Review: The Rolex Turn-O-Graph ref. 16253
Rolex’s Turn-O-Graph is something of an oddity in the collection. No longer being produced, it was launched during the brand’s 1950s heyday, initially as a standalone model, and one which acted as inspiration behind that era’s biggest release, the Submariner.
The debut reference, the ref. 6202, was the first serially-produced Rolex to feature a rotating bezel, marked with a 60-minute scale to give the ability to quickly measure elapsed time. In that way, it could be argued the Turn-O-Graph was the manufacture’s original tool watch.
However, its uncanny resemblance to the all-conquering Sub was drastically altered in its second generation, just a year later, and it was swallowed up into the Datejust series. It retained the turnable surround, but changed from being a black aluminum insert into embossed metal, finished off with an engine-turned design, and the watch itself gained a date function.
By the end of the decade, the Turn-O-Graph had captured the attention of an elite group of aviators, the USAF aerobatics squadron, ‘The Thunderbirds’, and it became, at their request, the official timepiece of the unit. The watch was renamed the Rolex Thunderbird for the North American market.
But, handsome and capable though the model was, and even with superstar backing, it never really caught on to any great degree with the public. Not quite formal enough to be an all-out dress watch, nor rough-and-ready enough for a tool watch, it lingered halfway in-between and didn’t sell in decent numbers at the time.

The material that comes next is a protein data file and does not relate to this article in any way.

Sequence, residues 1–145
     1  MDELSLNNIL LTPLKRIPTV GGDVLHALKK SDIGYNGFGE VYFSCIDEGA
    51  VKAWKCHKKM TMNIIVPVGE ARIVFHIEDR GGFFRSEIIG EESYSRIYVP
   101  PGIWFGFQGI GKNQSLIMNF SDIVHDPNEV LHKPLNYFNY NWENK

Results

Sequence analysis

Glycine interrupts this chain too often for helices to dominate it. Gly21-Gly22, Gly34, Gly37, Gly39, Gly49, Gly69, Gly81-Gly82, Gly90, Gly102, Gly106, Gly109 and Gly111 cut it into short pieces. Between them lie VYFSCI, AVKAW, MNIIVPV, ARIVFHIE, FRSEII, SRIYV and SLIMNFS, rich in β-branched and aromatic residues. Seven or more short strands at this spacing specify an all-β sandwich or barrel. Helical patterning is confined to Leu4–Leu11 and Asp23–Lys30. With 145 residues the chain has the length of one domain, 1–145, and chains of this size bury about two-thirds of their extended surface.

Today, it has become one of those cult favorites that litter the vintage Rolex scene; pieces that have never had quite the same global recognition of some of the brand’s most iconic names and have built up a fan base because of it.
The ref. 1625X emerged in 1977, the first of the family’s five-digit references, and was the range to bring in the now-standard high beat frequency movement.
Even so, it was a relatively short lived series, being replaced in 1988. That, and the fact the Turn-O-Graph is a pretty low-key member of the collection to begin with, leaves the ref. 1625X somewhat thin on the ground as a preowned buy.
The ref. 16253 represents perhaps the most quintessentially ‘Rolex’ look out of all the permutations in which it was issued, its two-tone bodywork a virtual trademark of the company.
Below, we take a closer look at this superb watch.
Rolex Turn-O-Graph ref. 16263 Metal and Bezels
As part of the Datejust line, it seems only right that the Turn-O-Graph be given a ‘Rolesor’ edition, which is what the ref. 16263 is. The term denotes a meeting of metals on the one watch, in this instance its most traditional combination of stainless steel (used for the case and outer bracelet links) and yellow gold (on the bezel, winding crown and outer links).
It was a process first invented by Rolex in the 1930s, but wasn’t used until 15-years later, with the first test subject being a Datejust watch. It has been a mainstay of the brand ever since, employed across a wide spectrum of the company’s output, and is one of their most recognizable color schemes.